Coming across the Wordfence Security plugin is probably one of the best things that have happened to my blog.
Being offline for almost a year, I was no longer updated to the latest stuff like WordPress plugins so I was glad that my friend Francisco blogged about Wordfence because if not for his post, I wouldn’t have known about the plugin or it could’ve taken me longer to find out about it.
For those who aren’t familiar with this plugin, Wordfence Security is an enterprise class security plugin that includes a firewall, virus scanning, real-time traffic with geolocation and more stuff. Here’s a video introduction:
To give you a better idea on how extensive this plugin is, check out the complete list of features:
- Sign-in using your password and your cellphone to vastly improve login security. This is called Two Factor Authentication and is used by banks, government agencies and military worldwide for the highest security authentication.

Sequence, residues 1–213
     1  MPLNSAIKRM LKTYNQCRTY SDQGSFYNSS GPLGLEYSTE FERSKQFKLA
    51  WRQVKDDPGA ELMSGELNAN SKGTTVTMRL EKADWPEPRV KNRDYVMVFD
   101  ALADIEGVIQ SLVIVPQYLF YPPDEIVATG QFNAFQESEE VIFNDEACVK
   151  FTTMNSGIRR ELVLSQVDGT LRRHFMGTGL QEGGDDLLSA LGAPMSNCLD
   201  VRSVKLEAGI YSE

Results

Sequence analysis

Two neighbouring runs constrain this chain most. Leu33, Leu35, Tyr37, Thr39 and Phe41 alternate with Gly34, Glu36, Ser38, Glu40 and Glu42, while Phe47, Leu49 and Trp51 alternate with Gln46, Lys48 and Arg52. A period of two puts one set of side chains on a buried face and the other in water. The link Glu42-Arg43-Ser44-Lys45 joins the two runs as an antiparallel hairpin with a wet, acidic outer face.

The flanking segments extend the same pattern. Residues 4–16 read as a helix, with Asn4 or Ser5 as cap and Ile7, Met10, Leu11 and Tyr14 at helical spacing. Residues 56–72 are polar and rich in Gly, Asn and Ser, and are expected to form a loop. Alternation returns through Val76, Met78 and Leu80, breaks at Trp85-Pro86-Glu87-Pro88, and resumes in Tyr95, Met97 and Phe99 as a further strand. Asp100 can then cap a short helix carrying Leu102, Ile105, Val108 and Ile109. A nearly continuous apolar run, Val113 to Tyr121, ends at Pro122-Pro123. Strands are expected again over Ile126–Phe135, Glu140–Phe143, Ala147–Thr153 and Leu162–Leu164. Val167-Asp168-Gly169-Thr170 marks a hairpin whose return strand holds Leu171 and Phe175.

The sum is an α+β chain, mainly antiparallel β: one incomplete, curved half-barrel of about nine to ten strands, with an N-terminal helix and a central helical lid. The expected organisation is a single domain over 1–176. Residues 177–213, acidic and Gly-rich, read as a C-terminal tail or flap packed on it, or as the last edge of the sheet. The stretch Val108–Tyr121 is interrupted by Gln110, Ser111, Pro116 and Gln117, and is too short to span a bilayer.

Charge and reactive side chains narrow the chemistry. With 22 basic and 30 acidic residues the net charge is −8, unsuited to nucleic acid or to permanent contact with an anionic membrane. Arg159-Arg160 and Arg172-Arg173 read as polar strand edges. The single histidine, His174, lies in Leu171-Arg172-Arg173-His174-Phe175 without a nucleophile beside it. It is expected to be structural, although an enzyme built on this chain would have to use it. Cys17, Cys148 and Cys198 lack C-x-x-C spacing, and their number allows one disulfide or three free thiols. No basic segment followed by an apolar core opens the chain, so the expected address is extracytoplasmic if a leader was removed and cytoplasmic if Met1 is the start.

- Enforce strong passwords among your administrators, publishers and users. Improve login security.
- Scans core files, themes and plugins against WordPress.org repository versions to check their integrity. Verify security of your source.
- Includes a firewall to block common security threats like fake Googlebots, malicious scans from hackers and botnets.
- Block entire malicious networks. Includes advanced IP and Domain WHOIS to report malicious IPs or networks and block entire networks using the firewall. Report security threats to network owner.
- See how files have changed. Optionally repair changed files that are security threats.
- Scans for signatures of over 44,000 known malware variants that are known security threats.
- Scans for many known backdoors that create security holes including C99, R57, RootShell, Crystal Shell, Matamu, Cybershell, W4cking, Sniper, Predator, Jackal, Phantasma, GFS, Dive, Dx and many many more.
- Continuously scans for malware and phishing URL’s including all URL’s on the Google Safe Browsing List in all your comments, posts and files that are security threats.